Tuesday, November 17, 2015

Understanding Your Camera's Metering, Exposure Compensation and White Balance Settings

Recently, I wrote a post on understanding light, which touched upon different types of light and the color of light. While I briefly referenced white balance and metering in my previous post, I thought it would be best to explore these settings in greater depth because you must understand metering, exposure compensation and white balance in order to properly account for light. Therefore, below you will find an explanation of the metering, exposure compensation and white balance settings on your camera and how to use each setting.


Metering is how your camera determines what the correct shutter speed and/or aperture should be depending upon the amount of light that enters the camera. Every camera usually has three different metering options, generally referred to as "center-weighted," "spot/partial," or "matrix (Nikon)/evaluative (Canon)." Each option works by assigning a relative weighting to the light in your scene.

Friday, November 13, 2015

Photography Books: How to Photograph Everything

One of my favorite photography books is How to Photograph Everything: Simple Techniques for Shooting Spectacular Images from the editors of Popular Photography. I enjoy this book because it combines beautiful photographs with simple tips on how to photograph over 40 different subjects. Specifically, the book offers suggestions on how to photograph fireworks, the night sky, food, abandoned spaces, concerts, and museums and aquariums. It also contains a brief introductory section on the basics of composition, color, exposure and lighting. If you are new to photography (or just do not use your camera frequently), you might consider investing in this book as it is certain to help you improve and expand your photography skills.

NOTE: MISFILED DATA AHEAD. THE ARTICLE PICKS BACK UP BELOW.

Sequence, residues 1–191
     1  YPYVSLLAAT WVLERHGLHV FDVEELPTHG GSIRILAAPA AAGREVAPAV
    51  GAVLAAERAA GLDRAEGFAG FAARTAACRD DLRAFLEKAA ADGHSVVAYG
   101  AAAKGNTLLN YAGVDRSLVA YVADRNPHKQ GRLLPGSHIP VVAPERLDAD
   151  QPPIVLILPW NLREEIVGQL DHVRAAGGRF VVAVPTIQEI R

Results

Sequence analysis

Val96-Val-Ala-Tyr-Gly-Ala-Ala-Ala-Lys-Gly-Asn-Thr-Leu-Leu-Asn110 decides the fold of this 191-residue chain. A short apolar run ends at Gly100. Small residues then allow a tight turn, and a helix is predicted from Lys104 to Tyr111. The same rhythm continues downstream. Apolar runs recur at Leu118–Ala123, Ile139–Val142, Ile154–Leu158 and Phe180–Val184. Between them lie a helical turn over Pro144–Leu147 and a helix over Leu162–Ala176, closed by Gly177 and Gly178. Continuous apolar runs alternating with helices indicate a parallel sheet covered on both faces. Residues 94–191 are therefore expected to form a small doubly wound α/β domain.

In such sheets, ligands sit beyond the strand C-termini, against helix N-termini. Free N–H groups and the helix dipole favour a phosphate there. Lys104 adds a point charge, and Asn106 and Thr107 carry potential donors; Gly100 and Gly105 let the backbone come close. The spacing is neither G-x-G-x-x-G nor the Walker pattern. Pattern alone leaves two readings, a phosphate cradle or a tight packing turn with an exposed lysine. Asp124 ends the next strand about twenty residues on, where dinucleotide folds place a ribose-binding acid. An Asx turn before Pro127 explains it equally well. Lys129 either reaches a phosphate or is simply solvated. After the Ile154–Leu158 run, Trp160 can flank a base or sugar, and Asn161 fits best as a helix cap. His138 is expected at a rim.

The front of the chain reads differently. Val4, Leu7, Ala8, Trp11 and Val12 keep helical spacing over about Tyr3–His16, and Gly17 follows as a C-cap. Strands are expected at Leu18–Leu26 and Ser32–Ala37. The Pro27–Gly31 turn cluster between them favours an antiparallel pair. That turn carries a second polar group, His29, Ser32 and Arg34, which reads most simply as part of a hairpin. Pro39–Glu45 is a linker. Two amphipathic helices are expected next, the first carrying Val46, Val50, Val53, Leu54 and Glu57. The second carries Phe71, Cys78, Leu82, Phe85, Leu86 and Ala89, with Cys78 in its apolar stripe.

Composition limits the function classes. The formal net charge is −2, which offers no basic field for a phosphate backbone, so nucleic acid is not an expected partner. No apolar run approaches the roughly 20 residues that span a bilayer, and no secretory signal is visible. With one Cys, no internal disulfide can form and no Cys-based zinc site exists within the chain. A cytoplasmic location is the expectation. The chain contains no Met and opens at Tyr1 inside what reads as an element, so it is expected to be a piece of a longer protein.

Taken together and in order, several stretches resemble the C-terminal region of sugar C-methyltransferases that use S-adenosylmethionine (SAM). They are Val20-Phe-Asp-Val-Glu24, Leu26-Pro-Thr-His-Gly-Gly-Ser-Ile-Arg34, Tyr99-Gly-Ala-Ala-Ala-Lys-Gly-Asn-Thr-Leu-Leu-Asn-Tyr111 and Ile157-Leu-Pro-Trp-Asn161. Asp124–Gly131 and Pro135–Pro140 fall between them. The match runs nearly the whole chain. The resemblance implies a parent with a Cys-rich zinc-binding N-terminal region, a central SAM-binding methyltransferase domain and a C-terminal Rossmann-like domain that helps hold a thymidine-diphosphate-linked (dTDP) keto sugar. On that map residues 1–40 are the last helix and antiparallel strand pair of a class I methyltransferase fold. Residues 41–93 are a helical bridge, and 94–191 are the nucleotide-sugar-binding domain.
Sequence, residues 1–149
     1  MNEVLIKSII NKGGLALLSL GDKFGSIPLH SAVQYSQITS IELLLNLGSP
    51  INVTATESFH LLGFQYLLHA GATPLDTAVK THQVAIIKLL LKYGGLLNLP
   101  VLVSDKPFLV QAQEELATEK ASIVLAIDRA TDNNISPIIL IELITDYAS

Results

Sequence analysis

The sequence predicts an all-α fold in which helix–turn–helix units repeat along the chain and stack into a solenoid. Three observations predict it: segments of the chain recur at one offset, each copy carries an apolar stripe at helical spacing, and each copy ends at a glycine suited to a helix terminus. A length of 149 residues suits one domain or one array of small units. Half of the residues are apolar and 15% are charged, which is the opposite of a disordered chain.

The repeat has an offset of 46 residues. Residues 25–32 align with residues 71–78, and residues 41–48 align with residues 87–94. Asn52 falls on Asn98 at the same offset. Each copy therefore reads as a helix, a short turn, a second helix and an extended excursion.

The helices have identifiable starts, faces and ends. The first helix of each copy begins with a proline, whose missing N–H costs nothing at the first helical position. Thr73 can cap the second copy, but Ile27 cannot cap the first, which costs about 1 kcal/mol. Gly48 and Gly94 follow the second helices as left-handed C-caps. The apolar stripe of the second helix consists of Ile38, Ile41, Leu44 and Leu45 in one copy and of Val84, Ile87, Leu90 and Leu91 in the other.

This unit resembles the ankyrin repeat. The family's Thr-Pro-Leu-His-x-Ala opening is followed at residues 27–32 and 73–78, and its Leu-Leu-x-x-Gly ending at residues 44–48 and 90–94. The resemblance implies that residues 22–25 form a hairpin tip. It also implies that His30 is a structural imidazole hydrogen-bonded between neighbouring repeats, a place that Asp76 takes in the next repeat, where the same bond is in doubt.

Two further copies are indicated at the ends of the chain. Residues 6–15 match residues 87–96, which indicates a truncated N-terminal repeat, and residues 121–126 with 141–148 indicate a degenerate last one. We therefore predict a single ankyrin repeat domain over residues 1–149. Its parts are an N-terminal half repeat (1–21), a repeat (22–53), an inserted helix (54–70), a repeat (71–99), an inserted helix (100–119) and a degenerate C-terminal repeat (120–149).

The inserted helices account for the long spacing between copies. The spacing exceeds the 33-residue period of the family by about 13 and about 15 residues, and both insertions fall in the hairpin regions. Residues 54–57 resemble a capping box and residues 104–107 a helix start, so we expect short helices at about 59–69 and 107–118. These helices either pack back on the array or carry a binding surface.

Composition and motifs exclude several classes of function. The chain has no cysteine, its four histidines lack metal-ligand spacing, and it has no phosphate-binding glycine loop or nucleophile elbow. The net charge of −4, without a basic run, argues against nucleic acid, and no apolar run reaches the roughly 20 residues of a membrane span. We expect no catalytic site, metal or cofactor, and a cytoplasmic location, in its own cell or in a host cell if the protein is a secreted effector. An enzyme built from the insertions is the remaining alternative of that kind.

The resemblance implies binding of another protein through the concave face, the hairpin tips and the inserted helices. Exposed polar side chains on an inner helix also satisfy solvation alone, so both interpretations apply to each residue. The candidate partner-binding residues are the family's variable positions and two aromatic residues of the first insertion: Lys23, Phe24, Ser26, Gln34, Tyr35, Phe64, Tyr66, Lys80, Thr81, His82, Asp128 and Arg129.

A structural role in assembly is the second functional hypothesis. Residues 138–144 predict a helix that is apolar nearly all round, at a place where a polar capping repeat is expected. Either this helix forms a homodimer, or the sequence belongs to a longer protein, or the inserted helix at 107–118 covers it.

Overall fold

Thursday, November 12, 2015

Know Your Rights: What Can You Photograph

Greetings world. Sorry for the posting hiatus, I've had the craziest couple of weeks -- moving + unpacking + trying to sell all of the extra stuff that would not fit into my new place has occupied most of my time. However, now that things are organized in a way that suits my OCD, I am ready to get back to writing!

In light of some of the articles in the news this week, I thought it would be good to write a post on what you can (and cannot) photograph. Knowing what you are and are not allowed to photograph is extremely important for every photographer, however, you should always remember that just because you are allowed to take a photo does not necessarily mean that you should.

Friday, October 23, 2015

Understanding Light

When it comes to photography, you need to understand light. Light is the difference between a good picture and a great picture. As a photographer, you should always be aware of the type and quality of light and you should use it to your advantage. Learning how to use light and produce your best photography in any light is not the easiest thing, but with a little time and practice you can learn how to use light best. 

Natural Light vs Artificial Light

There are basically two types of light -- natural and artificial. Natural light is any light that occurs naturally such as sunlight or candlelight. Artificial light is any light created by humans. Artificial light has a different color than natural light.

Hard Light and Soft Light

You may have heard the terms "hard light" and "soft light" before. Hard light is caused by a small directional light focused on the subject. Soft light, however, comes from a large or filtered light source.  Hard light creates harsh shadows and accentuates textures whereas soft light creates soft shadows and creates a range of tones bringing more detail to shadows. On a cloudy day, the harsh light of the sun is diffused by the clouds creating soft light. Reflected light is usually considered soft light as long as it is reflected from a large source.

Sunday, October 18, 2015

Business of Photography: What Should Be In Your Photography Contract

As I have mentioned in previous posts, if you intend to start a photography business, you should always enter into a contract with your client. Contracts protect both you and your client by ensuring both parties understand their rights and obligations. However, unless you were an attorney or regularly reviewed contracts prior to starting your photography business, you probably do not know the type of information that should be in your contract. Generally, every contract contains the same basic information and your standard contract should incorporate this basic information, as well as, a few additional provisions that ensure adequate protection of your intellectual property.